26 февраля 2024
Alva Omarova, IPHR, photo by Fatima Yerbolek

Kazakhstan Authorities Deny Women’s Rights while Curtailing Freedom of Assembly

A column by International Partnership for Human Rights

Kazakhstan Authorities Deny Women’s Rights while Curtailing Freedom of Assembly

What is it about women’s rights that is so threatening for the authorities in Kazakhstan? They allow pro-government rallies supposedly against domestic violence, while feminists and women activists have been denied the right to walk together on International Women’s Day on 8th of March, for the third year in a row.

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When a pro-government demonstration around violence against women took place last November, the hosts opened the event with the words: “We believe in our president. We share his opinions and we will help him.” Is this the official passphrase with which all women’s rights demonstrations should be opened, in order to be allowed by the authorities? The November 2023 event was orchestrated in minute detail, including colour coded jackets and scarves, which had been distributed among the participants beforehand. Participants were recruited online, and paid to attend. The pro-presidential organisers had no difficulty in receiving permission to hold the rally.

Meanwhile, long-time feminist activists, who have made it a life mission to fight for women’s rights and who are critical of the way in which the authorities deal with these issues, have repeatedly run into difficulties when trying to arrange demonstrations. After a 2020 rally that had not been previously approved by the Almaty authorities, two activists Arina Osinovskaya and Fariza Ospan were fined for petty hooliganism. They had symbolically burned a funeral wreath during the march. Last year, a demonstration was permitted in Gandhi Park, far from Almaty’s core. Out of sight, out of mind. Especially because the authorities have denied any marching to take place in Almaty for the third consecutive year. It seems as though feminists walking in public spaces is too controversial an idea for the authorities. After all, demonstrations that are not overtly pro-state are often banned in Kazakhstan, regardless of topic.

Freedom of assembly is a fundamental human right, which is protected by the Universal Declaration of Human Rights and the International Covenant on Civil and Political Rights (ICCPR), and which Kazakhstan must respect. Arbitrary denials to people’s rights to peaceful assembly is a clear violation of these standards, as well as Kazakhstan’s Constitution. The law on public gatherings was amended in 2020 and was widely criticised at home and abroad, including by IPHR and our partners. The main criticism focused on the practice of requiring citizens to obtain an official permission to demonstrate, placing this fundamental right under excessive state control.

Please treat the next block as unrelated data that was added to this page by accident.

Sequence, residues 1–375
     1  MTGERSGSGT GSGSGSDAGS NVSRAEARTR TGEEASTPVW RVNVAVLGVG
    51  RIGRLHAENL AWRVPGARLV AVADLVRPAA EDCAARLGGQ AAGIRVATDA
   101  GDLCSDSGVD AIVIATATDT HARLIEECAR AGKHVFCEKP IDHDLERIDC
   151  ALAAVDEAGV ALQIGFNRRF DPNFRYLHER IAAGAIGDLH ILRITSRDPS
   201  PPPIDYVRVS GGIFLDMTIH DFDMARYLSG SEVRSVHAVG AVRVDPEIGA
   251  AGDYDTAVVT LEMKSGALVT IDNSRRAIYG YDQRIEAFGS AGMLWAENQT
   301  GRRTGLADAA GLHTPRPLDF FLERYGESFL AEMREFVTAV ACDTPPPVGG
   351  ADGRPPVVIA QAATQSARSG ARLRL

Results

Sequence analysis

Despite public reassurances in 2020 by Dauren Abayev, the then-minister of information, the law has been used to arbitrarily stifle unwanted voices, particularly those of dissent. As documented by IPHR and partners, the authorities routinely deny permission for peaceful protests on issues that are inconvenient to those in power, as well as disperse peaceful assemblies held without permission, and detain and penalize participants in such protests. Even those attempting to hold single pickets have repeatedly been denied permission to do so. Moreover, in 2019, Kazakhstani authorities banned bringing children to unsanctioned demonstrations, and violating this law could result in a large fine, or administrative detention for up to ten days. Such a law disproportionately affects women, as almost 45% of mothers in Kazakhstan spend “all their time” with their children, according to a survey conducted by the Kazakhstan Institute of Social Development, which was published in January 2023. This is a double blow to women who wish to stand up for their rights.

Domestic violence against women and femicide are widespread problems in Kazakhstan, and must be dealt with by across sectors of society. By refusing to allow public discussion of these issues, which are often considered taboo, and not allowing these problems to be raised openly in the public domain, the prospect of finding effective solutions remains remote. Restricting feminists and women’s fundamental rights to peaceful assembly is a counterproductive move by the Kazakhstani authorities, given the extent of the societal problem.

Women’s rights should not be controversial. Rights to peaceful assembly should not be violated. While the authorities in Kazakhstan admit that violations of women’s rights occur, it seems that the same authorities are still afraid of letting women speak for themselves and be seen and heard in public in their fight for change.

Alva Omarova is a researcher for International Partnership for Human Rights. IPHR is an independent, non-governmental organization founded in 2008. Based in Brussels, IPHR works closely together with civil society groups from different countries to raise human rights concerns at the international level and promote respect for the rights of vulnerable communities. See more at: https://www.iphronline.org/en/